Oregon Zoo welcomes pair of cotton-top tamarin babies - KPTV - FOX 12

Oregon Zoo welcomes pair of cotton-top tamarin babies

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A pair of critically endangered cotton-top tamarins born at the Oregon Zoo last month can now be seen in the Fragile Forests area, riding on the backs of their mom and dad. Photo by Michael Durham, courtesy of the Oregon Zoo. A pair of critically endangered cotton-top tamarins born at the Oregon Zoo last month can now be seen in the Fragile Forests area, riding on the backs of their mom and dad. Photo by Michael Durham, courtesy of the Oregon Zoo.
Courtesy Oregon Zoo. Courtesy Oregon Zoo.
PORTLAND, OR (KPTV) -

The Oregon Zoo has two new furry-faced residents: a couple of 3-week-old cotton-top tamarin siblings.

Some visitors may have already spotted the new zoo arrivals on the backs of their parents, Mariposa and Carl, in the Fragile Forests habitat.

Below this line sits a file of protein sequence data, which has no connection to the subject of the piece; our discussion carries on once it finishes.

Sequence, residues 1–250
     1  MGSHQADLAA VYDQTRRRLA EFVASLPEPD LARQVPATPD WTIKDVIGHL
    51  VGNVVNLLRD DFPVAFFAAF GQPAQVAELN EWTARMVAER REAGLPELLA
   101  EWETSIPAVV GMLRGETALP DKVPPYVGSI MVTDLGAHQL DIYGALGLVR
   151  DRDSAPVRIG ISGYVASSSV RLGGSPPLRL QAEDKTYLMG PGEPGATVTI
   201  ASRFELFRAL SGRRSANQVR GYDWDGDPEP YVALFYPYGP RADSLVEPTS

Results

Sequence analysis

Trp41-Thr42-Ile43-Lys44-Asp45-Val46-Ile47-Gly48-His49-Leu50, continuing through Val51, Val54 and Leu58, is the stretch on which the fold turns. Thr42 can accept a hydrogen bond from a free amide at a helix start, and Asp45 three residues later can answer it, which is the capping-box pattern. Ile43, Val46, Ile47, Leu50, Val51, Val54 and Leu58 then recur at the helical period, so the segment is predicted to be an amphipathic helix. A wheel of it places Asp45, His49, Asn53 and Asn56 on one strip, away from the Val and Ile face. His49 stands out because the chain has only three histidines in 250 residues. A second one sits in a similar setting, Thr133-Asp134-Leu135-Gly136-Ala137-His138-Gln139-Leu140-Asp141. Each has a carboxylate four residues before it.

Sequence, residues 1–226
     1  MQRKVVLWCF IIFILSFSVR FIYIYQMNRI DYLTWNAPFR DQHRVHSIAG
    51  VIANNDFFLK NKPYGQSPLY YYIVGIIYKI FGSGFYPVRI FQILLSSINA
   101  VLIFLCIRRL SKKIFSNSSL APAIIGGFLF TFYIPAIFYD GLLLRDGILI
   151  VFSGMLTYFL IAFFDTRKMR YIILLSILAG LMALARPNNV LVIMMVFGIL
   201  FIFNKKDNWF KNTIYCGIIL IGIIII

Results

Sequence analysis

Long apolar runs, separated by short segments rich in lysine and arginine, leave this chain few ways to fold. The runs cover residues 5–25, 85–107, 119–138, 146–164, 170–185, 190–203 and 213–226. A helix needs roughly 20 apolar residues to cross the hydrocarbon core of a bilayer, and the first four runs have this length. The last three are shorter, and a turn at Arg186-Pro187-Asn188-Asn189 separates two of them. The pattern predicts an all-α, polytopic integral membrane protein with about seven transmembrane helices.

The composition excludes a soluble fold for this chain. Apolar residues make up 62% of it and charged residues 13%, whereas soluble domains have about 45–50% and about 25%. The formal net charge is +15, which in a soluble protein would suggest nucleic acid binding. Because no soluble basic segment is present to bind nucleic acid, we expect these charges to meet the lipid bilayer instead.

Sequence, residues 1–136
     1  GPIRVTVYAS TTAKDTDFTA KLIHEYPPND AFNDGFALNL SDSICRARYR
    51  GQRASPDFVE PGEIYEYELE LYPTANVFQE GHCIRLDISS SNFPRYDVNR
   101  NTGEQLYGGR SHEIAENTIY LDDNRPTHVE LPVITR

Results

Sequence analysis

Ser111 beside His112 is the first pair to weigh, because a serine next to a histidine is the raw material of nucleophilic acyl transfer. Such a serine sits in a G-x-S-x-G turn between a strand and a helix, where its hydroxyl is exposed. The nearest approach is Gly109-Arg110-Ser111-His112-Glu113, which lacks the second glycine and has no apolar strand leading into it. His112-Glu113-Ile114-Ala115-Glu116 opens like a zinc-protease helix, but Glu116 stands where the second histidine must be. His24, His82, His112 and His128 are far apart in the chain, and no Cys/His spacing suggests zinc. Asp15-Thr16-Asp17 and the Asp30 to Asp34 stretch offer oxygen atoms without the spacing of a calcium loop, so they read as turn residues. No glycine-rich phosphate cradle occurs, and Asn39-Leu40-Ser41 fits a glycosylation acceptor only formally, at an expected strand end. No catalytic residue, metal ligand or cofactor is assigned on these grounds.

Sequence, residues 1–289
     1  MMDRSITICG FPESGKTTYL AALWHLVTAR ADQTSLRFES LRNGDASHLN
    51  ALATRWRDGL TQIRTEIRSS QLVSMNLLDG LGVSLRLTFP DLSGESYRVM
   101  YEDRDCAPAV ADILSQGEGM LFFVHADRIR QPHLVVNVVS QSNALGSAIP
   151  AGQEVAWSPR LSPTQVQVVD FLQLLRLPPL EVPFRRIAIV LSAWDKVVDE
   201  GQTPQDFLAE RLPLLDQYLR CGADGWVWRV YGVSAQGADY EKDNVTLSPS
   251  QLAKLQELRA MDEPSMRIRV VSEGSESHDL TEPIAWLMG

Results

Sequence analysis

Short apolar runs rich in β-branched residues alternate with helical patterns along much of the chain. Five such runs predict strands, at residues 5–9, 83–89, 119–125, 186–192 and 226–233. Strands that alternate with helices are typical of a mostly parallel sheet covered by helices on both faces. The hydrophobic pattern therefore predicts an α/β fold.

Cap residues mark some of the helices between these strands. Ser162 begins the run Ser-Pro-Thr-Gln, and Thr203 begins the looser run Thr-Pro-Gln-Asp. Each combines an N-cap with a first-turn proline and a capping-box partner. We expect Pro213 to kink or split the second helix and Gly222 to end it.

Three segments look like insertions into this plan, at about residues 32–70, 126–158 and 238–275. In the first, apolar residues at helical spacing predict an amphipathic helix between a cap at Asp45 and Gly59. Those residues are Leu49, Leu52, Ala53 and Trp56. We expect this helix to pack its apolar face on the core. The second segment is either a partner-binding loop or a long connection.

Mariposa gave birth to the babies just about three weeks ago but their genders are unknown. Zoo staff know at least one of the babies is a girl, since she had a vet visit for a tumble recently.

While the other baby’s gender is pending, both already have names: Grillo and Mariquita (Spanish for cricket and ladybug, respectively). The names were chosen as an homage to their mom’s name – Mariposa is Spanish for butterfly.

Cotton-top tamarins, who are native to Colombia, are some of the world’s smallest primates. At full size, they usually weigh less than a pound – similar to the size of a squirrel.

“The babies are growing fast,” said Oregon Zoo curator Becca Van Beek, who oversees the primate area. “Mom and dad have been keeping them close, but they’re alert and curious. Now that they’ve opened their eyes, they should be easier for visitors to spot.”

The zoo is excited about the babies as cotton-top tamarins are considered critically endangered. There are about 6,000 cotton-top tamarins currently living in the wild.

“We hope these two will serve as inspiration for people to get involved and help cotton-tops,” Van Beek said. “This is a species that is sharply declining in the wild, but hopefully we can start a new chapter in their conservation.”

Anyone interested in learning more about cotton-top tamarins can visit OregonZoo.org

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